The Eleanor Crosses begins in November 1290 with the untimely death in a Lincolnshire village of Queen Eleanor of Castile, beloved consort of King Edward I of England. A sombre journey of more than 200 miles must follow, to transport the queen's body to Westminster for burial -- the devastated king leading the way, walking beside the coffin of his all but constant companion during 36 years of marriage. With seasonal conditions adding even more miles to the cortege's route, the king determines that this journey will never be forgotten. He envisages a building project of unprecedented scale and imagination: the construction of an elaborate stone cross at the journey's start and at all eleven nightly stopping places, ending at the Thames-side village of Charing, in what is now the centre of London... Duly built, these crosses served as focal points for prayers for the queen's departed soul. They were also artistic masterpieces, the fruit of the skills of the finest craftsmen of the age. Today only three of the original twelve survive, but each cross has had its own story. Together they reveal much about major changes at key periods in British history, religious conflict, civil war and world war, as well as shifts in attitudes to the past. In The Eleanor Crosses, Decca Warrington tells this tale of survival and continuity over seven centuries, and also offers a new perspective on the remarkable life and death of the nowadays little-known queen whose legacy they are -- Eleanor of Castile, the woman who won the heart of one of England's most forceful and charismatic kings.
The ocean is humanity's largest battlefield. It is also our greatest graveyard. Resting in its depths lay the lost ships of war spanning the totality of human history. Many wrecks are nameless, others from more recent times are remembered, honored even, as are the battles they fought, like Actium, Trafalgar, Tsushima, Jutland, Pearl Harbor, and Midway. This book is a dramatic global tour of the vast underwater museum of lost warships. It is also an account of how underwater exploration has discovered them, resolving mysteries, adding to our understanding of the past, and providing intimate details of the life of war at sea. Arranged chronologically, the book begins with ancient times and the warships and battles of the Egyptians, Phoenicians, Greeks and Romans, the Chinese, and progresses through three thousand years to the lost ships of the Cold War. In bringing this violent past to life, James Delgado's approach is informed by scholarship, but it is not academic. Through his insights as an explorer, archaeologist, and story teller, Delgado provides a unique and idiosyncratic history of naval warfare, the evolution of its strategy and technology, and it critical impact on the past. From fallen triremes and galleons to dreadnoughts, aircraft carriers, and nuclear submarines, this book vividly brings naval warfare to life.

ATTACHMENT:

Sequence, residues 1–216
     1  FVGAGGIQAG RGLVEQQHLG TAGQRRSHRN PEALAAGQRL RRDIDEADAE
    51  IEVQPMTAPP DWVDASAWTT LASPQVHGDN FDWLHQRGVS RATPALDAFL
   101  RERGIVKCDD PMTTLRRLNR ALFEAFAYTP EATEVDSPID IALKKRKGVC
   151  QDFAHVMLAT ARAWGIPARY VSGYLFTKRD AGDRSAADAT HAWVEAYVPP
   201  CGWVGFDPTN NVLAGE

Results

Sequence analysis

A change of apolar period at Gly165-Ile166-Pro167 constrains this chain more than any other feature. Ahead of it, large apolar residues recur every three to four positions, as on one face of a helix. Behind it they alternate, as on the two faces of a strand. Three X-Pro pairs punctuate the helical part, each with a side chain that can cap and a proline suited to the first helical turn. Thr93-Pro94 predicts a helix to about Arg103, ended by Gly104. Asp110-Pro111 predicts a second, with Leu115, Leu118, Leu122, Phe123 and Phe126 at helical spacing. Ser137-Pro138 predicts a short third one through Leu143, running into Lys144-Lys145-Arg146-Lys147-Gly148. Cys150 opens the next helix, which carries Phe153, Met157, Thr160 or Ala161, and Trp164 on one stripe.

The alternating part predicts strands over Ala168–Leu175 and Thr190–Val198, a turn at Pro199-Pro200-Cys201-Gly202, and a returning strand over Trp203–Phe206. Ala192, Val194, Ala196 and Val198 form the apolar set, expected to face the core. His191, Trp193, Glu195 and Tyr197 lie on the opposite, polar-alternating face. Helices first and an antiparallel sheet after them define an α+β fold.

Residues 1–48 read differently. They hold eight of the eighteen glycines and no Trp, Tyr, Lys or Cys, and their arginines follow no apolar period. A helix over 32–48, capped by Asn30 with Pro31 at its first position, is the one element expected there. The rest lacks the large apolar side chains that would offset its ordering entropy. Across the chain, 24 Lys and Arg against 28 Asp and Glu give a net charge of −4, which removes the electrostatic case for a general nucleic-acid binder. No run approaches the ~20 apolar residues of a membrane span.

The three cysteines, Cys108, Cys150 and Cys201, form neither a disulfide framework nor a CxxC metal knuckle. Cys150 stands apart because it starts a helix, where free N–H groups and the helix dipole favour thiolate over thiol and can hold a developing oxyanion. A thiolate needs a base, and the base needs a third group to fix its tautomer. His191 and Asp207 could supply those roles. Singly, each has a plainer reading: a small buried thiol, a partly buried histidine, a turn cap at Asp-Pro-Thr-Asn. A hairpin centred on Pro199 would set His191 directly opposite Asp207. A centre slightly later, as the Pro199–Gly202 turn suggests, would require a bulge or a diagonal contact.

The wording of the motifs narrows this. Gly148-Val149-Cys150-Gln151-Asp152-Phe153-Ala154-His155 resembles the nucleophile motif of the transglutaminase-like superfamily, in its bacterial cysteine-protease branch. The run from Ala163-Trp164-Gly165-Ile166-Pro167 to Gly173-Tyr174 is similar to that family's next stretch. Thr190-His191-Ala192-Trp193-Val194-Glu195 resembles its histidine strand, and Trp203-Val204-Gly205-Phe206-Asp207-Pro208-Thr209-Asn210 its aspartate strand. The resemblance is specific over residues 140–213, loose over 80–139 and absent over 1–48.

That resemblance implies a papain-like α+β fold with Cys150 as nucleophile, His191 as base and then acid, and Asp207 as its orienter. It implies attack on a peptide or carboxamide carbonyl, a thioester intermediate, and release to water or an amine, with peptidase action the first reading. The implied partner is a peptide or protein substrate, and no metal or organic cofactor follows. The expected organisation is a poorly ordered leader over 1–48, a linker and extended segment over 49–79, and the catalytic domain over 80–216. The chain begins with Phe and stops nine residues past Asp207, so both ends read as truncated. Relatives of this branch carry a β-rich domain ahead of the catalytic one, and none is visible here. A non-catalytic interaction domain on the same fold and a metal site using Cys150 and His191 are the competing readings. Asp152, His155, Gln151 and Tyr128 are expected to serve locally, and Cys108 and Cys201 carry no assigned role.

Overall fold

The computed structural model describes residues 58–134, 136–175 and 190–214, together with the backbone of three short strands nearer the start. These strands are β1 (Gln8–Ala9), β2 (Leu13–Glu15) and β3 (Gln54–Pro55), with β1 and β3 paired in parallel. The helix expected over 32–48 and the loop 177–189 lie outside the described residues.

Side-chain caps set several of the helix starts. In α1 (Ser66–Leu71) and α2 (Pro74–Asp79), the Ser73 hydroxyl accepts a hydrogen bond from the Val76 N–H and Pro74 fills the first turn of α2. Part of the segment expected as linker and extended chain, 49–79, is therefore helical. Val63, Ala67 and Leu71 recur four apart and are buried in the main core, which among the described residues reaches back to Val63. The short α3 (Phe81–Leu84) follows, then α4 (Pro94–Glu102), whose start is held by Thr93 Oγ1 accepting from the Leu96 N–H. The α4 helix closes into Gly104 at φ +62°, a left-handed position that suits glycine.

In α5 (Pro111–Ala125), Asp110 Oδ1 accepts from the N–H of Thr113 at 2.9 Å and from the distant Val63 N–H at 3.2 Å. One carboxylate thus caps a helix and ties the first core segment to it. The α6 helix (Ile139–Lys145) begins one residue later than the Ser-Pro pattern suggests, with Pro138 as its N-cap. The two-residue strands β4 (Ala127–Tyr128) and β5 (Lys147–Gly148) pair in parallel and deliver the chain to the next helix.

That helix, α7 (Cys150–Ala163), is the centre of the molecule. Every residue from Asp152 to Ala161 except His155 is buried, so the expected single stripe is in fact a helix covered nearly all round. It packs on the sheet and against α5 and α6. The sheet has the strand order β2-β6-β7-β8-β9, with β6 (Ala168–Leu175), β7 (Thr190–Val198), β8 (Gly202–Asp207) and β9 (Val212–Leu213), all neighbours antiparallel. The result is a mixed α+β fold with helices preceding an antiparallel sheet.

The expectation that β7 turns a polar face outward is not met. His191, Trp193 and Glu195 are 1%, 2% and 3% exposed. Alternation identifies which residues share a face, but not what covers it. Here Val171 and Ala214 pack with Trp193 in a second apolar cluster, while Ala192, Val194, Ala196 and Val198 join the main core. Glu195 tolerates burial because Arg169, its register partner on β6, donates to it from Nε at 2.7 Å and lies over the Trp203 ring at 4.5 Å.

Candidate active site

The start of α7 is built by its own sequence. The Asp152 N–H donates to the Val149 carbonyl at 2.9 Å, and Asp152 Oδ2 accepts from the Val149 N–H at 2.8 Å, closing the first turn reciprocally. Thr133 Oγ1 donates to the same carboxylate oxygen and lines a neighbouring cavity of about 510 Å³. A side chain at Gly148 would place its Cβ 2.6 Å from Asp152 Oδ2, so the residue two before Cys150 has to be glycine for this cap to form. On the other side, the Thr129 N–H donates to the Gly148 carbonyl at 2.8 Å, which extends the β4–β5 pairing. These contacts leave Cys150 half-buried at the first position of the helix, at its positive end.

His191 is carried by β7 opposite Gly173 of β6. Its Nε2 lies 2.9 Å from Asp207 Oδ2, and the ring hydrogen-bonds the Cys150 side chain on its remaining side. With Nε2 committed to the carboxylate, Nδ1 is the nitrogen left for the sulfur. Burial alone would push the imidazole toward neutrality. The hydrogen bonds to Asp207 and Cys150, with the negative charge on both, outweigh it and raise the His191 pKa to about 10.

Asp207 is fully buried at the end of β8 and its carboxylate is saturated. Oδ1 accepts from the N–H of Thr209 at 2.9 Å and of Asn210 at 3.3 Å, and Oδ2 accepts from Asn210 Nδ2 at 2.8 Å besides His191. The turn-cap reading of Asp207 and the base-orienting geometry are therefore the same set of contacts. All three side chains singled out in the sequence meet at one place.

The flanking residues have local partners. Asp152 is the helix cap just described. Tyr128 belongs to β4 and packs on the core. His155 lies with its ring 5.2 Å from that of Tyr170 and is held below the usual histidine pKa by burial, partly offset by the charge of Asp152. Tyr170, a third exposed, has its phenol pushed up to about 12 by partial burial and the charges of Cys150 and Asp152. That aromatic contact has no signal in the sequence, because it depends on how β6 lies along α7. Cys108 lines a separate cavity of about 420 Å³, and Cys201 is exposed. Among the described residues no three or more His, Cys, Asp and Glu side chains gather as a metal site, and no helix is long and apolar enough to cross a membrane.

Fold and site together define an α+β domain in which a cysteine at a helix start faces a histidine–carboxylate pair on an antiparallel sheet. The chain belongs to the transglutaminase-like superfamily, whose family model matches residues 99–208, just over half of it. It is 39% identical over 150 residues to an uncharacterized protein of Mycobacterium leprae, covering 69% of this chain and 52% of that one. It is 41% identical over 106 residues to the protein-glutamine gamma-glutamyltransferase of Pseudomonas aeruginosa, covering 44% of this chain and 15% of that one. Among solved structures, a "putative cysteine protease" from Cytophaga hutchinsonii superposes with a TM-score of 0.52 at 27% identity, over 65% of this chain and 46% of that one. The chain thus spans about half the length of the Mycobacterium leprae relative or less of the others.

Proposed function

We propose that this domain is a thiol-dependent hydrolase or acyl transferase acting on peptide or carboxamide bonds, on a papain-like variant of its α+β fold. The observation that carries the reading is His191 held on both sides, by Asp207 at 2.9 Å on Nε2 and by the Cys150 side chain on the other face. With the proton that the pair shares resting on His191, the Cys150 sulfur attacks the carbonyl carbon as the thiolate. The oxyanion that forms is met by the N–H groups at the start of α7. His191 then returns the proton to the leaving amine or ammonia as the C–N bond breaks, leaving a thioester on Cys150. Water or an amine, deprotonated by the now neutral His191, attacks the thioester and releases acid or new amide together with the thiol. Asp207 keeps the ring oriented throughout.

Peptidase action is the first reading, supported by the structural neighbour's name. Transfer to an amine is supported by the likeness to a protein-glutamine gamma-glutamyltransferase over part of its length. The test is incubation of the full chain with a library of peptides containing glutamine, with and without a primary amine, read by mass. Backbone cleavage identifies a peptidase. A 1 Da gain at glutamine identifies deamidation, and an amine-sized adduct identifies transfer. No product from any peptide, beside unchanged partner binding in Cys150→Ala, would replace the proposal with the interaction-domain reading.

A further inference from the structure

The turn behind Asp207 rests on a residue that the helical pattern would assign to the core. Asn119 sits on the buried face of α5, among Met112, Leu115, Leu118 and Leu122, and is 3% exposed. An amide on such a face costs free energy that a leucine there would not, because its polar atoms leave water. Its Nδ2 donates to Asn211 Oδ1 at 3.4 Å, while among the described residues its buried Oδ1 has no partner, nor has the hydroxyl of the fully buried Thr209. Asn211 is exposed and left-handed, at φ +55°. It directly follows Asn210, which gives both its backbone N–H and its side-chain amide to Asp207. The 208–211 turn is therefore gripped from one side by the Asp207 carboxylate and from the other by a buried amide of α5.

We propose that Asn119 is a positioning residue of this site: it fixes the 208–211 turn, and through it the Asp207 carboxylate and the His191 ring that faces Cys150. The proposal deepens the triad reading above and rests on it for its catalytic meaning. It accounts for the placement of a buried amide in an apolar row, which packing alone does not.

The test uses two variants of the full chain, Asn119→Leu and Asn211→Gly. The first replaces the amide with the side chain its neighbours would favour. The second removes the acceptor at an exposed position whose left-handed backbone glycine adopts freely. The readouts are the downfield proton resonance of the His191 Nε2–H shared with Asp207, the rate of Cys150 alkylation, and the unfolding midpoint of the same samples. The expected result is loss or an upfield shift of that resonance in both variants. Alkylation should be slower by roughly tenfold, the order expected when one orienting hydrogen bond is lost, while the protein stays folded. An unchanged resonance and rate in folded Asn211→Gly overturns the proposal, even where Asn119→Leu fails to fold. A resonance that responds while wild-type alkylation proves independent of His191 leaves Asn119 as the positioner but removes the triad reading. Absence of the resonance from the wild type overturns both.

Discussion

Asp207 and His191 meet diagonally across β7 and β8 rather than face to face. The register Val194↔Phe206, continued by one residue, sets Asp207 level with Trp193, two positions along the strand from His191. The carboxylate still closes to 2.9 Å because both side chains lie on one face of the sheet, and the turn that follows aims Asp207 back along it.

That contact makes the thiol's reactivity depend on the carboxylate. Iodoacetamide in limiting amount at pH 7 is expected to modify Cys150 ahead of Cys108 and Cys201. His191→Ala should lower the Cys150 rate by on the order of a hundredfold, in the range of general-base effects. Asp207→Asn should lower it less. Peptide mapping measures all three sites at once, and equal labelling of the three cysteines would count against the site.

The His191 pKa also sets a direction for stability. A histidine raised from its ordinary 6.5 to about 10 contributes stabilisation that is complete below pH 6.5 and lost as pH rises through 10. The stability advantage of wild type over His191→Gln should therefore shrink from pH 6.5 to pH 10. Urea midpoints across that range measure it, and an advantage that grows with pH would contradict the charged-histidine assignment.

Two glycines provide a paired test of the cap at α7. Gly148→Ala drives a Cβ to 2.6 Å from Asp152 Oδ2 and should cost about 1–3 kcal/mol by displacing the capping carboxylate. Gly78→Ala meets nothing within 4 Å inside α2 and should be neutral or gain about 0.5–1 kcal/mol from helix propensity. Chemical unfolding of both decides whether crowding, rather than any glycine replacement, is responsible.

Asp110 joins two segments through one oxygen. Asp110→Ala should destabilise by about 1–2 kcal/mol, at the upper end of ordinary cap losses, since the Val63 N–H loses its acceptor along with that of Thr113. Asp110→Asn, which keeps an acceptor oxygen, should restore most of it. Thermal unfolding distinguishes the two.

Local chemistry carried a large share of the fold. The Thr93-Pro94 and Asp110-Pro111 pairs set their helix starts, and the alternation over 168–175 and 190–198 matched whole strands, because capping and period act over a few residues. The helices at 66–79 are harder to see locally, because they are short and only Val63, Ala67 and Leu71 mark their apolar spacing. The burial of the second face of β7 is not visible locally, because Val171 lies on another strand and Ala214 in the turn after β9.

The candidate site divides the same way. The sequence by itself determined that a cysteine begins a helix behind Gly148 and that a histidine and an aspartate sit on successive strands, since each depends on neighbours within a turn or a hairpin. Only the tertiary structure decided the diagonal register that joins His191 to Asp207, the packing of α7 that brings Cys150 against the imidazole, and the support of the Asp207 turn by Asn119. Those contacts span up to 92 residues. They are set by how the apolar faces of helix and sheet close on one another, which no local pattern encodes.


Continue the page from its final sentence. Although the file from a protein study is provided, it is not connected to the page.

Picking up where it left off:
Greek Art and Aesthetics in the Fourth Century B.C. analyzes the broad character of art produced during this period, providing in-depth analysis of and commentary on many of its most notable examples of sculpture and painting. Taking into consideration developments in style and subject matter, and elucidating political, religious, and intellectual context, William A. P. Childs argues that Greek art in this era was a natural outgrowth of the high classical period and focused on developing the rudiments of individual expression that became the hallmark of the classical in the fifth century. As Childs shows, in many respects the art of this period corresponds with the philosophical inquiry by Plato and his contemporaries into the nature of art and speaks to the contemporaneous sense of insecurity and renewed religious devotion. Delving into formal and iconographic developments in sculpture and painting, Childs examines how the sensitive, expressive quality of these works seamlessly links the classical and Hellenistic periods, with no appreciable rupture in the continuous exploration of the human condition. Another overarching theme concerns the nature of "style as a concept of expression," an issue that becomes more important given the increasingly multiple styles and functions of fourth-century Greek art. Childs also shows how the color and form of works suggested the unseen and revealed the profound character of individuals and the physical world.
Applied Soils and Micromorphology in Archaeology provides the most up-to-date information on soil science and its applications in archaeology. Based on more than three decades of investigations and experiments, the volume demonstrates how description protocols and complimentary methods (SEM/EDS, microprobe, micro-FTIR, bulk soil chemistry, micro- and macrofossils) are used in interpretations. It also focuses on key topics, such as palaeosols, cultivation, and occupation surfaces, and introduces a range of current issues, such as site inundation, climate change, settlement morphology, herding, trackways, industrial processes, funerary features, and site transformation. Structured around important case studies, Applied Soils and Micromorphology in Archaeology is thoroughly-illustrated, with color plates and figures, tables and other ancillary materials on its website (www.cambridge.org/9781107011380); chapter appendices can be accessed separately using the web (www.geoarchaeology.info/asma). This new book will serve as an essential volume for all archaeological inquiry about soil.